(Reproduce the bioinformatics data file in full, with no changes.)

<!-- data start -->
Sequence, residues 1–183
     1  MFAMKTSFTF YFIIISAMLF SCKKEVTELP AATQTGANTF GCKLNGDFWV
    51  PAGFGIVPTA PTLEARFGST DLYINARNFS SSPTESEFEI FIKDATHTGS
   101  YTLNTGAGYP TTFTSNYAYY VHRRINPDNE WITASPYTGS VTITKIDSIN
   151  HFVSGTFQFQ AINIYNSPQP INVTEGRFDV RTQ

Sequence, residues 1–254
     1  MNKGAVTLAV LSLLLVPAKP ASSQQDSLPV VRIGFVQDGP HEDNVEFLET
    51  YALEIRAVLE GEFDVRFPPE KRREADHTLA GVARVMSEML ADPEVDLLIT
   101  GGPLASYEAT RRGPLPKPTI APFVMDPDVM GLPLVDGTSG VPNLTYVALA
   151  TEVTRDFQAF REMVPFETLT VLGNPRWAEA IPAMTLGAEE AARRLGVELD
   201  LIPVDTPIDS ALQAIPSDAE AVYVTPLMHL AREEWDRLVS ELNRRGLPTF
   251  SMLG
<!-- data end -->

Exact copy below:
Sequence, residues 1–183
     1  MFAMKTSFTF YFIIISAMLF SCKKEVTELP AATQTGANTF GCKLNGDFWV
    51  PAGFGIVPTA PTLEARFGST DLYINARNFS SSPTESEFEI FIKDATHTGS
   101  YTLNTGAGYP TTFTSNYAYY VHRRINPDNE WITASPYTGS VTITKIDSIN
   151  HFVSGTFQFQ AINIYNSPQP INVTEGRFDV RTQ

Sequence, residues 1–254
     1  MNKGAVTLAV LSLLLVPAKP ASSQQDSLPV VRIGFVQDGP HEDNVEFLET
    51  YALEIRAVLE GEFDVRFPPE KRREADHTLA GVARVMSEML ADPEVDLLIT
   101  GGPLASYEAT RRGPLPKPTI APFVMDPDVM GLPLVDGTSG VPNLTYVALA
   151  TEVTRDFQAF REMVPFETLT VLGNPRWAEA IPAMTLGAEE AARRLGVELD
   201  LIPVDTPIDS ALQAIPSDAE AVYVTPLMHL AREEWDRLVS ELNRRGLPTF
   251  SMLG